'When we say “the world has ended,” it’s usually a lie, because the planet is just fine.
But this is the way the world ends.
This is the way the world ends.
This is the way the world ends.
For the last time.'
Of all the Geeky Baju I've drawn over the past months, this is the one I'm most excited about.
What is there to say that hasn't already been said by critics and fans? Compelling, powerful, ground-breaking... every book in N. K. Jemisin's The Broken Earth trilogy won the Hugo Award, an unprecedented achievement that's well-deserved. I don't want to say too many things because I went in with no knowledge or expectations of the story, and was completely blown away.
It upended everything I've come to expect about speculative fiction. The narrative moves between first, second, and third person perspective. Geology and the power to shape the earth take center stage. But with power comes fear, and at its core the trilogy is about who possesses power in the massive continent of the Stillness, and how society simultaneously uses and enslaves those it marginalizes.
This set is centered around the characters introduced in the first book, The Fifth Season.
Look elegant and ageless in a silk pleated sari.
A sari is worn with a bodice and petticoat, wrapped so that the same length of cloth forms both a skirt and a shoulder or head covering.
For the statuesque, unnerving stone-eater Antimony, we have a sari made from heavy silk, draping as if the wearer were made from smooth porcelain. There are countless ways to tie and drape saris, and all manner of materials to make them from. Sometimes a simple statement speaks the loudest.
Reach out, reach in, rend the fabric of the earth while donning a patterned kurta.
Kurtas can be worn as formal or everyday dress, with side slits providing ease of movement.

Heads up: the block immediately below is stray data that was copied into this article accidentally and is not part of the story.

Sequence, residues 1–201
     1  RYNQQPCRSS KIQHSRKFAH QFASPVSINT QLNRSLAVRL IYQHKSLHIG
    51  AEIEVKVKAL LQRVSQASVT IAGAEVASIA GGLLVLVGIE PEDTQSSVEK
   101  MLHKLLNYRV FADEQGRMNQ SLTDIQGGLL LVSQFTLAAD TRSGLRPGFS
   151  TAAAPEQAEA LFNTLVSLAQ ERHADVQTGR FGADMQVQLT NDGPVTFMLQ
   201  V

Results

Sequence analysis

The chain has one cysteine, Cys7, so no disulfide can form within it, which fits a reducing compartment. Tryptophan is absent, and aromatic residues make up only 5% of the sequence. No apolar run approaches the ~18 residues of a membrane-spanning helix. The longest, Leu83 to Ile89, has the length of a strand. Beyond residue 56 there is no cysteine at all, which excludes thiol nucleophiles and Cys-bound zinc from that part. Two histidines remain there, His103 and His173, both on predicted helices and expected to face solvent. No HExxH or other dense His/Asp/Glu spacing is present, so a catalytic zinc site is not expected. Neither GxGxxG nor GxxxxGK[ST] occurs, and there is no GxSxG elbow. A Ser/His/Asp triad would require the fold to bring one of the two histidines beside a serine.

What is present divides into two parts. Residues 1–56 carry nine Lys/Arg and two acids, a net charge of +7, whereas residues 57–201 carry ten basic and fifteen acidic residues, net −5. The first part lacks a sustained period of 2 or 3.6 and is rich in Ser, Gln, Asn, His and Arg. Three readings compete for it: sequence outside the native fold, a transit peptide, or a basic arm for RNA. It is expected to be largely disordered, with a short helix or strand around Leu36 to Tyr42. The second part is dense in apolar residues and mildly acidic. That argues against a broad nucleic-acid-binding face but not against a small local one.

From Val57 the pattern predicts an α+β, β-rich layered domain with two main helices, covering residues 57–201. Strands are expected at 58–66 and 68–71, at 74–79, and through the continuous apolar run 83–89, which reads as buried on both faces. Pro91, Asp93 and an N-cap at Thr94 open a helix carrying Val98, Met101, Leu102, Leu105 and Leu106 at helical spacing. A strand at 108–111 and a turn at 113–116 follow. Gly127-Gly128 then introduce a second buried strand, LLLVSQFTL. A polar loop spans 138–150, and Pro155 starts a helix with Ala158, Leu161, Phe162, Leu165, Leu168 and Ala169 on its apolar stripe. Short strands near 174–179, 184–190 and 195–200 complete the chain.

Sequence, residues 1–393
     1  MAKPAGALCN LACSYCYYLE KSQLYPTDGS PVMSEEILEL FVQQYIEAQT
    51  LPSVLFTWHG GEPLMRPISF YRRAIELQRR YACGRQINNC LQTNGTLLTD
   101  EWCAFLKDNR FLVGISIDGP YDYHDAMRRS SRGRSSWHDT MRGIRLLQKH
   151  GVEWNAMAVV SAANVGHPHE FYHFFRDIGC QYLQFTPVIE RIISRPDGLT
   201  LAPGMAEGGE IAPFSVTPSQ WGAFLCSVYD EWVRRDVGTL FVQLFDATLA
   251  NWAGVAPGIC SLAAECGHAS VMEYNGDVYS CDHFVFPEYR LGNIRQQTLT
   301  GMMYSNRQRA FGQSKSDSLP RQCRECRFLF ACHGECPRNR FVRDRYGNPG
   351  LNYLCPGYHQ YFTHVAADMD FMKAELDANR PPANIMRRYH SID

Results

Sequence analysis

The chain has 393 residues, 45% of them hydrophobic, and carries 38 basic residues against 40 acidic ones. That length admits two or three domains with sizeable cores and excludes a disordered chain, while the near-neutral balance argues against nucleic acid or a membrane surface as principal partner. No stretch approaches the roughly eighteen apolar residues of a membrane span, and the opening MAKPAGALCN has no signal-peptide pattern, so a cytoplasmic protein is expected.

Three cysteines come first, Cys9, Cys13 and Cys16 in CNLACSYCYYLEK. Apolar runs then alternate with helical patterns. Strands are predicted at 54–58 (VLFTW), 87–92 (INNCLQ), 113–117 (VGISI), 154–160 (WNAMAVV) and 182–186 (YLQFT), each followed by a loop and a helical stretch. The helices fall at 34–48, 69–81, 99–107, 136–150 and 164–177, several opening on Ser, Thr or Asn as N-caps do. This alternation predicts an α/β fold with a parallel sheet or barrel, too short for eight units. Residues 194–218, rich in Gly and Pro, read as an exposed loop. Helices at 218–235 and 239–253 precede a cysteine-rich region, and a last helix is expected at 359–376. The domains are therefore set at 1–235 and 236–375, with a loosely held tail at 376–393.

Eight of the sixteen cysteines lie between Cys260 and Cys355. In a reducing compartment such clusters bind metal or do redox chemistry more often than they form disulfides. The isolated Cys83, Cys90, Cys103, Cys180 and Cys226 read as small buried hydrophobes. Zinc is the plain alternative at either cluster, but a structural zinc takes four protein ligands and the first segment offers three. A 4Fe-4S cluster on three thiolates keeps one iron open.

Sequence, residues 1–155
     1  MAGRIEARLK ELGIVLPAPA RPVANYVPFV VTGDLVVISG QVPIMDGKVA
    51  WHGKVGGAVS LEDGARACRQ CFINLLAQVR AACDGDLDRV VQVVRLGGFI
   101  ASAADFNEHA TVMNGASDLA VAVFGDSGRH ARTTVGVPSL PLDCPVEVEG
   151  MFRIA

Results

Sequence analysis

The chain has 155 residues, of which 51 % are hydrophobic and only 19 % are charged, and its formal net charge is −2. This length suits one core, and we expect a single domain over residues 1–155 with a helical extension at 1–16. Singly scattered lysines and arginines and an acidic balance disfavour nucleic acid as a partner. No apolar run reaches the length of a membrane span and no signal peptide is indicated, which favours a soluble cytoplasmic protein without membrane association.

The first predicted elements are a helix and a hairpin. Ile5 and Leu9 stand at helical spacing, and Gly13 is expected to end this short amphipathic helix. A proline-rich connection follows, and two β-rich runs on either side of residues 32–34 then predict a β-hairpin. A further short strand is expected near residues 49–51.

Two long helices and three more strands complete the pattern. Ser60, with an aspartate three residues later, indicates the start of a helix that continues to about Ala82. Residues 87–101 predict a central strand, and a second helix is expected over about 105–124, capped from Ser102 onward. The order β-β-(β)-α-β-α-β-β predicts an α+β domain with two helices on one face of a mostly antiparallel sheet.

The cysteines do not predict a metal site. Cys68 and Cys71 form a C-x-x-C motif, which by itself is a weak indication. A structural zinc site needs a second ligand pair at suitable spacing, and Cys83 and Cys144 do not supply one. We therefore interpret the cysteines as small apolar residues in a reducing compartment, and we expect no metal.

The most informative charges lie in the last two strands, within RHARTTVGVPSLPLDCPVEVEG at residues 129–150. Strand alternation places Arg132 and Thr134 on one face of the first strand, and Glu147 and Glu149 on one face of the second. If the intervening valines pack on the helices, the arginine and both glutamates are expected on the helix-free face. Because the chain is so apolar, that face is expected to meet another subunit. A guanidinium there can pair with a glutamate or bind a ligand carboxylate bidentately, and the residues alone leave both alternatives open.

Mentor, madman, catalyst: Alabaster Tenring is an extraordinarily powerful orogene (a race with the ability to harness the power of the Earth through their sessapinae). In the world of the Stillness, orogenes are feared and typically killed when young, except those taken to the Fulcrum and put into service.
Alabaster has seen enough, seen too much. The embroidery rising from the hem to the collar of the kurta evokes the eruption of a volcano.
Gather power and stand your ground in a jacket inspired by the Akha and Hmong of Laos.
The jackets are made from black cotton decorated with coloured stripes in applique.
For Syenite, I wanted something which would be both comfortable and hardy, at home on the road or in the Fulcrum. Both Alabaster and Syenite's designs are predominantly black, the assigned colour for Imperial Orogenes, with blue hinting at the frost that results when they perform orogeny. This is particularly visible as embroidery on the wrap skirt.
Note also the seismograph-inspired sewing on the cuffs.
I looked to the Akha and Hmong for inspiration. Their indigo-dyed cotton jackets are often decorated with coloured cloth in applique, along with needlework.
Akha women's jacket from the collection of the National Museums Scotland; image from this post.
During my time in Laos, I visited the excellent Traditional Arts and Ethnology Centre (TAEC) in Luang Prabang to look at textiles; I recommend donating to them if you can so that they can continue with their research, education, and advocacy work!
One of the exhibits at the TAEC; photo from Culture360.
Maintain the balance with a warrior's baju, samping, and keris.
Ways to wear the keris differ according to region, with some tucking it into the samping at the back and others in the front.
Imposing, deceptively gentle, and ruthless, Schaffa is introduced early on in the tale as a Guardian, tasked with ensuring order and compliance among the orogenes. It seemed natural to design something based off Nusantara/ Malay warrior garb, along with a keris tucked in the front of the samping.
Gold trim and embroidery along the pocket and shoulders lend an air of authority to the outfit, though he hardly needs it. All of the characters' designs have some red in them, but Schaffa's is fully red and burgundy, the colour of the Guardians' uniforms.
Here's an oil painting by the Malaysian artist Hoessein Enas, depicting a young warrior with headdress.
The boy as Hang Tuah (1953) - Hoessein Enas
“That we're not human is just the lie they tell themselves so they don't have to feel bad about how they treat us.”
So - have you read the books? (I hope you will, if you haven't!) What do you think?